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Showing posts from August, 2014

You're Facebooking wrong

I've seen lots of criticism on what people should or shouldn't post on Facebook.  I've seen people complain about political and religious posts, about pictures of food, about exercise logs or weight logs.  I've seen people say that you shouldn't put anything negative on Facebook or that you shouldn't whine or complain.  You post too much.  You don't post enough.  I've seen people criticize nearly every type of Facebook post, including being critical of other people's Facebook posts.

I enjoy the variety of posts that I see in my newsfeed.  I love seeing posts about the things that are going on in the personal lives of my family and friends, particularly those that I don't get to see in person on a regular basis.  I enjoy seeing photos of them doing fun things or their new haircut or whatever other exciting thing is going on in their lives.

I enjoy seeing photos of the food that my friends eat.  Some of the photos are very delicious-looking, and …

It does matter what others think

I'm definitely an advocate of authenticity.  To some degree, we do have individual identity.  I think that people should feel a degree of freedom to voice their own opinions and do the things which make them happy. Gay people should feel comfortable dating someone of the same sex, including showing affection in public and getting married.  Someone with a proclivity for art or music or science should feel free to pursue a career in that field.  I believe that allowing for people to freely express themselves is a good thing.  However, I feel that one of the great lies of our modern individualistic society is "It doesn't matter what others think."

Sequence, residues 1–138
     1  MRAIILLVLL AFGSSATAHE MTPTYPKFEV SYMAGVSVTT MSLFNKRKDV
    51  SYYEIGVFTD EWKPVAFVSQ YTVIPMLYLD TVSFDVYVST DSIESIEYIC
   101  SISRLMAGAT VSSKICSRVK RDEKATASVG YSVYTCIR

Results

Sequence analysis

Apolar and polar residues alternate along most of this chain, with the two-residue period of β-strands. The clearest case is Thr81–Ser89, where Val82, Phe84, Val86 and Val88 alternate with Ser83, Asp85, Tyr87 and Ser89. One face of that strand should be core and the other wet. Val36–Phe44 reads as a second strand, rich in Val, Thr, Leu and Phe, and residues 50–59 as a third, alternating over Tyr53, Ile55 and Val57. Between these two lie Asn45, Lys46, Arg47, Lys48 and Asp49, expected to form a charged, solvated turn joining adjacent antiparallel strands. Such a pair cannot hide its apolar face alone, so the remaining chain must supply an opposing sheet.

We are social animals.  We have evolved the trait of forming social groups.  This has many advantages over being individualistic animals.  We can band together to protect each other from predators or to hunt prey together.  We can specialize and have different individuals perform different tasks to improve quality of life for …

Bumping and bruising us

A very special woman passed away the other day.  She was a close friend.  Karen and I got to know her several years ago when she was taking lessons from the LDS missionaries.  She fell in love with both of us (but mostly with Karen, which is perfectly understandable).  She was devastated when Karen died, but she always wanted to remain friends with me.  She loved me like one of her own sons.  She was happy to meet Conrad when he moved in with me and became a part of my life.  She was always very friendly, loving, and accepting.

She was important to me because I was important to her.  She was always so happy to see me or hear from me.  I loved dropping by and bringing her meals or just chatting and watching television with her.  I feel like I was closer to her than any of my other Knoxville friends.  She was special.  She was kind and compassionate.

I got a phone call from her cell phone the other day, and answered it very cheerily.  When I heard someone else's voice come through,…